Housefull Economics

He Whose Wife Is Tall

Our weekly explainer on economics using lessons from popular culture. In Installment 11, Amitabh Bachchan explains why variety is the spice of life — and the sauce of economics.

‘Mere anganey mein, tumhaaraa kya kaam hai?
Mere anganey mein, tumhaaraa kya kaam hai?
(In my backyard, what business do you have?
In my backyard, what business do you have?)

Jiski Biwi lambi, uskaa bhi badaa naam hai. 
Kothey se lagaa lo, seedi ka kyaa kaam hai.
(He, whose wife is tall, is well known indeed.
Climb her to the terrace. Ladder? No need!)

Jiski Biwi mottee, uskaa bhi badaa naam hai,
Bistar pe litaa do, gaddey ka kyaa kaam hai.
(He, whose wife is fat, is well known indeed.
Drape her on the bed. A mattress? No need!)

Jiski Biwi kaali, uskaa bhi badaa naam hai,
Aankhon mein basaa lo, surmey ka kyaa kaam hai.
(He, whose wife is dark, is well known indeed.
Keep her in your eyes. Mascara? No need!)

Jiski Biwi goree, uska bhi badaa naam hai,
Kamrey mein bithaa do, bijli ka kyaa kaam hai.
(He, whose wife is fair, is well-known indeed.
Install her in a room. Light bulb? No need!)

— Amitabh Bachchan in Laawaaris.

I had to blink twice to confirm that it was Big B singing that song. In 1981, when Laawaris served up the hit song ‘Mere Anganey Mein’, Amitabh Bachchan was a beefy guy in the all-whites that were then in fashion. His dance moves were rudimentary, and the sparse production values of the scene wouldn’t pass muster in a C grade Bhojpuri film today. But the film rocked, and the lyrics were so ridiculous that I remember them verbatim.

Today, they would be politically incorrect, in spades.

Just try saying Jiski Biwi Moti on Twitter, and you would be attacked instantly.

“Fat shaming is not cool, Dude.” “She has her own identity, you sexist pig. Are you saying she was a nobody before she became someone’s wife?”

So let’s get this clear – I’m not defending the lyrics.

Ironically, though, the first lines about wifely characteristics could have been written for me – though they were probably inspired by Bachchan, who’s almost as tall as I am. “Jiski Biwi lambi, uskaa bhi badaa naam hai.” (“He, whose wife is tall, is well known indeed.”) If I had a tall wife, I don’t think I would ask her to do what the song suggested — use her instead of a ladder to the terrace. But ignoring the corny lyrics, the fact is that a woman who would be dauntingly tall for most would have made for a great physical match for me.

Now consider shirts. Imagine your aunt gives you a horrible pink shirt with white polka dots. If you’re reasonably tolerant, you’d ascribe zero value to it. I’d be offended (negative value) every time I saw it in my closet. But, odds are that someone, somewhere, would happily pay top dollar for such a shirt. Right now, he’s probably roaming the streets of Jhumri Talaiyya wondering why no garment store in all of Jharkand stocks such a shirt. If you happened to meet this guy, and got to talking about shirts, you’d part company, both happier than before you met — he with a fresh pink shirt on his back, and you with some fresh notes in the pocket of your jeans.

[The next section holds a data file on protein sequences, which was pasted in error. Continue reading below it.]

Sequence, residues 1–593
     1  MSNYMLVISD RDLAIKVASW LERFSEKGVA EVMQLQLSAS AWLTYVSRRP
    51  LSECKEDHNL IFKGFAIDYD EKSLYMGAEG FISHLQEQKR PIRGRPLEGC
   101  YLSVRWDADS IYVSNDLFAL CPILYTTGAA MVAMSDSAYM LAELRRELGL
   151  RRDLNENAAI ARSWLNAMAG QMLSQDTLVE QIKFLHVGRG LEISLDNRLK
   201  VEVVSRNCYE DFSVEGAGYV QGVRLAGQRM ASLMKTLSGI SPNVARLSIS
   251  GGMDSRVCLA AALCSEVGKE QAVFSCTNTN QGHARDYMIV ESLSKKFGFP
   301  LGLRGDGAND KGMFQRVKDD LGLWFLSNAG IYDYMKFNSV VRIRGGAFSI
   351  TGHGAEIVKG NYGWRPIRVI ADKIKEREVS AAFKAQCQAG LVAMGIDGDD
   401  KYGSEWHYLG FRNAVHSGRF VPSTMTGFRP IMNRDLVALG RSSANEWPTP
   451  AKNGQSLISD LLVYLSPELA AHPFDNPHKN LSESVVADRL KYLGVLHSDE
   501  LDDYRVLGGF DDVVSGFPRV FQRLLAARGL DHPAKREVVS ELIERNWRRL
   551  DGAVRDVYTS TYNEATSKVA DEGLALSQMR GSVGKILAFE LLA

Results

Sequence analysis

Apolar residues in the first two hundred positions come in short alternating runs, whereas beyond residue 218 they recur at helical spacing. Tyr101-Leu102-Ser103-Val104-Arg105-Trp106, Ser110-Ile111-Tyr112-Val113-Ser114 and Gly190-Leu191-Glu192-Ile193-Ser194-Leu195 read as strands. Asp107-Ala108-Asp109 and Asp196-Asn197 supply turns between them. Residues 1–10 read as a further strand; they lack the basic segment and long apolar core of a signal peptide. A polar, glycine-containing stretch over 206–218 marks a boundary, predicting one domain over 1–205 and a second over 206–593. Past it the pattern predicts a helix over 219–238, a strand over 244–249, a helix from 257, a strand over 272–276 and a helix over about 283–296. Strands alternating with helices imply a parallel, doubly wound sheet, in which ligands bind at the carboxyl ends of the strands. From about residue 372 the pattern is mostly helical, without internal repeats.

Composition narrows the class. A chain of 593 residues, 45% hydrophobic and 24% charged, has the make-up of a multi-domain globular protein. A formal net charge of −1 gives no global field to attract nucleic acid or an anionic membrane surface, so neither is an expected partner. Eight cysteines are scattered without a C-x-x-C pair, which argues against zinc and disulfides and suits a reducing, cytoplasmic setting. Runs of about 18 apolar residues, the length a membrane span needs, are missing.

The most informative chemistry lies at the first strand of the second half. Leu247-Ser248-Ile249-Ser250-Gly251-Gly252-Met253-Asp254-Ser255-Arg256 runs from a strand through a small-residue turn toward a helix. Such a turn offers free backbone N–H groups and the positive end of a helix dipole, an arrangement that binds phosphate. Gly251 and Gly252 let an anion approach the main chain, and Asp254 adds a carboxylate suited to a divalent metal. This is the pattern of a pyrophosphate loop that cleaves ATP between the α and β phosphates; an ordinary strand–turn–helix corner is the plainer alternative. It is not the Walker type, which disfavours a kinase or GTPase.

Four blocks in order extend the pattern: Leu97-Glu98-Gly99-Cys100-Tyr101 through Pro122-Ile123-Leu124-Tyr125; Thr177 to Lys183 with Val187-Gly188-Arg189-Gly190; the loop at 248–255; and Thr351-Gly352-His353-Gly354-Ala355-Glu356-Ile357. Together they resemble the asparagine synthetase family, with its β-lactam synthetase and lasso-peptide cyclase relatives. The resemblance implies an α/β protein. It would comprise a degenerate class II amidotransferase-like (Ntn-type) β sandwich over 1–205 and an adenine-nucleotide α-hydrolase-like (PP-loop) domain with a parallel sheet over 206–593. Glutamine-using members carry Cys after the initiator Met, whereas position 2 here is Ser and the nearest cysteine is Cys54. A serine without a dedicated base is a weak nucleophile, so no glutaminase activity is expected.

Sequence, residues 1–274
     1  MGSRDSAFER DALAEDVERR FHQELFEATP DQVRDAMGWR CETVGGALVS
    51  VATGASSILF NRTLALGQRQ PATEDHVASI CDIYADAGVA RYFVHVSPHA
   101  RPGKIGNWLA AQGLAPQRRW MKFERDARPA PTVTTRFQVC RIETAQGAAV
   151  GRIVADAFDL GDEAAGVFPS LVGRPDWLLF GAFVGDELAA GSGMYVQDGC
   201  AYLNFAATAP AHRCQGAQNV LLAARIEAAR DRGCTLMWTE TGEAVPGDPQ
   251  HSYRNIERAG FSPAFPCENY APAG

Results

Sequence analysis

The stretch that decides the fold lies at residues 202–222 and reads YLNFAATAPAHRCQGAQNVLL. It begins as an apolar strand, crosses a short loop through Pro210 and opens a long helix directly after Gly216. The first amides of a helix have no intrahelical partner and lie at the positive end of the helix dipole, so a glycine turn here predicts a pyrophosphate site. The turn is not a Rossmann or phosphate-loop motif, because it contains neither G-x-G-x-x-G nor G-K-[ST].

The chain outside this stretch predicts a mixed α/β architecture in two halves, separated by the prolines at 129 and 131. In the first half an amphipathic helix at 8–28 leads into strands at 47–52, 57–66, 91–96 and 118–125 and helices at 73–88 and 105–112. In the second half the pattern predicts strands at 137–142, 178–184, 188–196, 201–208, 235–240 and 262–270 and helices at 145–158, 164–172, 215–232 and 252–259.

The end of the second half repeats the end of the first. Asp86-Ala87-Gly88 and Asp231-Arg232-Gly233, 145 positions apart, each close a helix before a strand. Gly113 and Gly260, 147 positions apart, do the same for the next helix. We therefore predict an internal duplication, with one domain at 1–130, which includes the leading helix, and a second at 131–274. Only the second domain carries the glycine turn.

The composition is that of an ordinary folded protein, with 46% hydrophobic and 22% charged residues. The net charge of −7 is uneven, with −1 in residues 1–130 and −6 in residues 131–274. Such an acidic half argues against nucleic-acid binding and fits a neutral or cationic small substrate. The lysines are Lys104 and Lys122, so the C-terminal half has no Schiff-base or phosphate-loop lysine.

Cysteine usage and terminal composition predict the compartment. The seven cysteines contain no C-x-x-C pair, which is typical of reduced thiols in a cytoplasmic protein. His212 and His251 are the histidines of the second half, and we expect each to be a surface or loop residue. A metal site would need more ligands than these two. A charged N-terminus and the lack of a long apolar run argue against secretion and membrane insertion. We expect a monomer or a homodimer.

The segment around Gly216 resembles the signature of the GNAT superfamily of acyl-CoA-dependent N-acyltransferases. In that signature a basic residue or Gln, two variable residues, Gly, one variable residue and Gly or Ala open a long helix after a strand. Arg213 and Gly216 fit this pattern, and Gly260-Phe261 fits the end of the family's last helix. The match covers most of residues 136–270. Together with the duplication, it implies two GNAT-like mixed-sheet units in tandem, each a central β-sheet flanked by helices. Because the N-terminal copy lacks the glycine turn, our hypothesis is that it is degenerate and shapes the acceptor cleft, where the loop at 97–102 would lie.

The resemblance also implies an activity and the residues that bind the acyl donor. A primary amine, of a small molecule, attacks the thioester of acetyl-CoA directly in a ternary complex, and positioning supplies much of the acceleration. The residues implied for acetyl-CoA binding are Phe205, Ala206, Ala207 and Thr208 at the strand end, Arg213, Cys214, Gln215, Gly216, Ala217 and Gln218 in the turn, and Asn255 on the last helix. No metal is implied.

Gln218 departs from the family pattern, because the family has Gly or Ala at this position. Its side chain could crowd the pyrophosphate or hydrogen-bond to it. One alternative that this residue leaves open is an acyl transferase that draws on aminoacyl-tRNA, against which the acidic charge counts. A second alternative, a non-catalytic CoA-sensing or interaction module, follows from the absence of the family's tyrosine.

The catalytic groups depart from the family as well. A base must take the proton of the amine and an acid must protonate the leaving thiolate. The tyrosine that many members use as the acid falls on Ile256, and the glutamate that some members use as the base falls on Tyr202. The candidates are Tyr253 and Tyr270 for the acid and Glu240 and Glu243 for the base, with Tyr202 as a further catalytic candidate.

Differences in value perception don’t have be as radical as hate and deep longing to generate surplus.

Even when most people ascribe positive value to the same good, trade creates surplus for both parties involved. Say someone, manufacturer or trader, owns a thousand ladders. Giving one up does not reduce his happiness – or economic welfare – by much. But for someone with neither tall wife nor ladder, owning one would be extremely useful. He will happily pay the ladder owner more for that that one ladder than the loss of happiness (economic welfare) that the seller experiences from notching down his stock. The price of this trade will settle at a level where both buyer and seller feel happy making it. In a free market, this is the only condition under which it would happen. Both gain; their trade creates a surplus – in economic terms, but more importantly, in welfare terms.

What’s true for consumption goods is equally true for investment goods. I sell shares in company Polka Dot because I think the fad is over. The guy from Jhumri Talaiyya buys my shares because he believes his taste in shirts is in the vanguard of fashion, and the company’s best days are still to come. At the time of the trade, I‘m glad to be rid of a lemon, and he is starry eyed about the grand wedding he’s going to give his daughter with the dividends from his shares.

For economies to develop, their markets have to develop too, in scale and in diversity. Department stores in China went from selling Mao jackets of every shade of blue to becoming the best stocked boutiques of Louis Vuitton bags, Prada dresses, and Rolex watches. And in the last decade, with the maturing of online stores, physical constraints were largely removed from the shopping experience. Whereas the largest brick-and-mortar stores couldn’t stock more than 10,000 items, an Ali Baba can list millions. The guy from Jhumri Tallaiya doesn’t have to wait till he bumps into me in a Ranchi coffee shop — he can find the precise shade of pink he wants on his Xiaomi cell phone.

Viva la difference!

As early as 1981, Amitabh Bachchan knew the value of variety. And even if I wouldn’t care to use the metaphor of a dark wife, every colour of mascara will find a happy user, from Abidjan Obsidian to Funky Fuschia.

About the author

Mohit Satyanand

Mohit is an entrepreneur, investor, and economy watcher. He is Chairman of Teamwork Arts, which produces the Jaipur Literature Festival, and has business interests in food processing, education, and a wide range of start-ups.